Speaker 3: (19:53)
And you said something kind of off camera that I want to point out because, and especially right now is the time to pay attention. So if you’re watching this and you’re like real estate and you’re like next year on and buy a property, well it’s the end of the year. You’ve got to show income in 2018 so that 2019 you can buy a property. So if you’re not w doing yourself or if you’re not on an escorp and an LLC and you’re not showing wage the right wage, you know, right now is the time. You can still write a big check in December saying, I made x in December. There you go. Like, you know what I mean? So Dow is something to start to pay attention to if you’re not, but go back along what you’re saying is I think a
Speaker 2: (20:33)
And another important point, and it’s bugging me now that I can’t think of it is oh, the loan thing. Having the loan conversation, uh, prior to talking to your
Speaker 3: (20:48)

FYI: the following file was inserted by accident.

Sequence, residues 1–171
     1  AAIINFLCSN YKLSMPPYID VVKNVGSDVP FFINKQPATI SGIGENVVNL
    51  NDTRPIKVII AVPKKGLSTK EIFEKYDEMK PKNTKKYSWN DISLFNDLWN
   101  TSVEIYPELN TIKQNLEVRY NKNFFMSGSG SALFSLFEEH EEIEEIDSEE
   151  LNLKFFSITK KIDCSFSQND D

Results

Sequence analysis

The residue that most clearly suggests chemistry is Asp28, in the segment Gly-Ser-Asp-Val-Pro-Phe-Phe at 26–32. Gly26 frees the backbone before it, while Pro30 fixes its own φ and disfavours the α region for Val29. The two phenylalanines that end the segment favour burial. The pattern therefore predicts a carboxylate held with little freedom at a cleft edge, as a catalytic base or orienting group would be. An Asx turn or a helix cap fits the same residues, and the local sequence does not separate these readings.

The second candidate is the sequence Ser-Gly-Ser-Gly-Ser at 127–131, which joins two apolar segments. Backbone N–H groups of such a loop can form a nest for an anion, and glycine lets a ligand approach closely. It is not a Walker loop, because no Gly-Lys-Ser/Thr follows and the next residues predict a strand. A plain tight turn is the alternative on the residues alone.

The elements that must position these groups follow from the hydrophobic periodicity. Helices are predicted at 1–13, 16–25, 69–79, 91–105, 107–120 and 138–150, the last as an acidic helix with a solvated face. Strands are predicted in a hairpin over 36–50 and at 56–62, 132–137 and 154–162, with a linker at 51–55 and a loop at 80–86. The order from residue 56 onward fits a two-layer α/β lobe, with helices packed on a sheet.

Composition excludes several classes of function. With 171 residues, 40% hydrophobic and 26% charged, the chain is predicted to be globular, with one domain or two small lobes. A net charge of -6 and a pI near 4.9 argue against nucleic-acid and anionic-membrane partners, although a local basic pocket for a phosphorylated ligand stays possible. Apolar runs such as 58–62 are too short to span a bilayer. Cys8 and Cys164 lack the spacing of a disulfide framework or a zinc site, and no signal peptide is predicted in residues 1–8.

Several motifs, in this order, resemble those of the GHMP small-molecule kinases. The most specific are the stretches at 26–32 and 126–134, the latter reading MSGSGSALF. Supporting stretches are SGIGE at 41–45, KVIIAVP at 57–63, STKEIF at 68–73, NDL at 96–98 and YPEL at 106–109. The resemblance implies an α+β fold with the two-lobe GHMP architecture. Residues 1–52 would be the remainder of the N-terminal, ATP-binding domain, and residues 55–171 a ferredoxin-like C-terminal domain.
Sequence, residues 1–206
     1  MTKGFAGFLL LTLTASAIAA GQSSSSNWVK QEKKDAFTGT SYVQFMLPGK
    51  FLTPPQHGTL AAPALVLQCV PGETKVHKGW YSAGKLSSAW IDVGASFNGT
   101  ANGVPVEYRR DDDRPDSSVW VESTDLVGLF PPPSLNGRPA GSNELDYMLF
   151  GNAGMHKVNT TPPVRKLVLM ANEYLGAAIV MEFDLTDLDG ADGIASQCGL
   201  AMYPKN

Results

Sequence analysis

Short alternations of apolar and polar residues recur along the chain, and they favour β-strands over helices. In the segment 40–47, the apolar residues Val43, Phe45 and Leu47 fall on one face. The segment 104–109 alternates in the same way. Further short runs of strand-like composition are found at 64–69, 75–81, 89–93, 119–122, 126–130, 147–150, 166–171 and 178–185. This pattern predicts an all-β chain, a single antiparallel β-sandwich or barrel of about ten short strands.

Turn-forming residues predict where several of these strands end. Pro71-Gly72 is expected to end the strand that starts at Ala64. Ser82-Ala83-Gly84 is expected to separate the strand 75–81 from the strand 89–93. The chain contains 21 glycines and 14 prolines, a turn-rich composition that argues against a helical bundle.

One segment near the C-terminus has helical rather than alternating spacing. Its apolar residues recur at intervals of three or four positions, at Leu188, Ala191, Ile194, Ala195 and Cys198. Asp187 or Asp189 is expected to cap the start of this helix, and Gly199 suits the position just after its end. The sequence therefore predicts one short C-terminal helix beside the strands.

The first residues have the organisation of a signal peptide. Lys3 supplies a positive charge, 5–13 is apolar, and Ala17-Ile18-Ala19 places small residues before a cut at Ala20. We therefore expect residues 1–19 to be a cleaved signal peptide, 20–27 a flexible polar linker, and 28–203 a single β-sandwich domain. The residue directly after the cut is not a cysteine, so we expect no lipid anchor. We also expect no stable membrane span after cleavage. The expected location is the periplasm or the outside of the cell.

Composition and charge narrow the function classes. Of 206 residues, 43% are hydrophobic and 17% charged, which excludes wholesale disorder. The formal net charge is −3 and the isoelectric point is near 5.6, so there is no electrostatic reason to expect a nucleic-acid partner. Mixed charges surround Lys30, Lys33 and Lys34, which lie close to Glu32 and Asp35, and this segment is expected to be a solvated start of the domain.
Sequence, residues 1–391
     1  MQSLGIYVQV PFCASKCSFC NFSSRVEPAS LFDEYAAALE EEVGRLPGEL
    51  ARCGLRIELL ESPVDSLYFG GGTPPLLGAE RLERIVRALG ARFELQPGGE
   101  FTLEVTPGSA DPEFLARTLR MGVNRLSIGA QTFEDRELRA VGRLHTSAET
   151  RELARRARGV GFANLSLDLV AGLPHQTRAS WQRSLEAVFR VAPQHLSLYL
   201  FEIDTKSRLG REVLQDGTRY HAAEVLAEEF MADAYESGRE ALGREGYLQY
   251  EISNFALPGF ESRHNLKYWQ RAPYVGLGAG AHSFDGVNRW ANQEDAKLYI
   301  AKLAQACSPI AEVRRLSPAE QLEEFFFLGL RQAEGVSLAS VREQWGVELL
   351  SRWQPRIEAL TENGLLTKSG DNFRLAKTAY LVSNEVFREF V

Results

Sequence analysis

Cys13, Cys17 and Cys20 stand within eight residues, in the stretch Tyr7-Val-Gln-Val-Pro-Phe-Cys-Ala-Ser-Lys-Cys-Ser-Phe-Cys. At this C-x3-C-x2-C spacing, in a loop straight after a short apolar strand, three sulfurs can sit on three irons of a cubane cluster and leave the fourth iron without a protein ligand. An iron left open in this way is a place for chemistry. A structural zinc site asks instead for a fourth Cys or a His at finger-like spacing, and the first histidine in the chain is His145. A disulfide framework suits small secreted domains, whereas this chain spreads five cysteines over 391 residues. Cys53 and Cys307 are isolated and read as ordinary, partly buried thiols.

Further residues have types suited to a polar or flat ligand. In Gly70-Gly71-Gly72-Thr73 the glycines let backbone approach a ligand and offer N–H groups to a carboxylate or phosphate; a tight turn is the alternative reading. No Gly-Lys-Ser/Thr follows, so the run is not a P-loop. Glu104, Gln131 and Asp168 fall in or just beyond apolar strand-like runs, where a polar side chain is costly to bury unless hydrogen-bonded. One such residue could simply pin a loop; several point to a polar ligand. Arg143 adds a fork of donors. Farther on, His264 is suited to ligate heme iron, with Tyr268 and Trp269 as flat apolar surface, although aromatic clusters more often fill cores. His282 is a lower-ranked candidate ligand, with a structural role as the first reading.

Real estate. You know what I mean? Like those two don’t talk. You’re screwed. Yeah. Yeah. You have to have everyone on the same page I think to make it work. And with what you were saying there, it’s, it’s great to get in front of your CPA right now. They’re not thinking 100% come February, March and April when they’re trying to cram in everyone’s tax returns. I would recommend planning with someone before your end where your CPAs more available and talk to them about what your goals are long term. If you’re trying to buy something next year, your CPA needs to know that because he made shoes, he or she may choose not to do something that they otherwise would have that could compromise you from being able to actually go make that goal happen. And other piece. This is, it came to me, so here’s the part where you said off camera, and I never looked at it this way.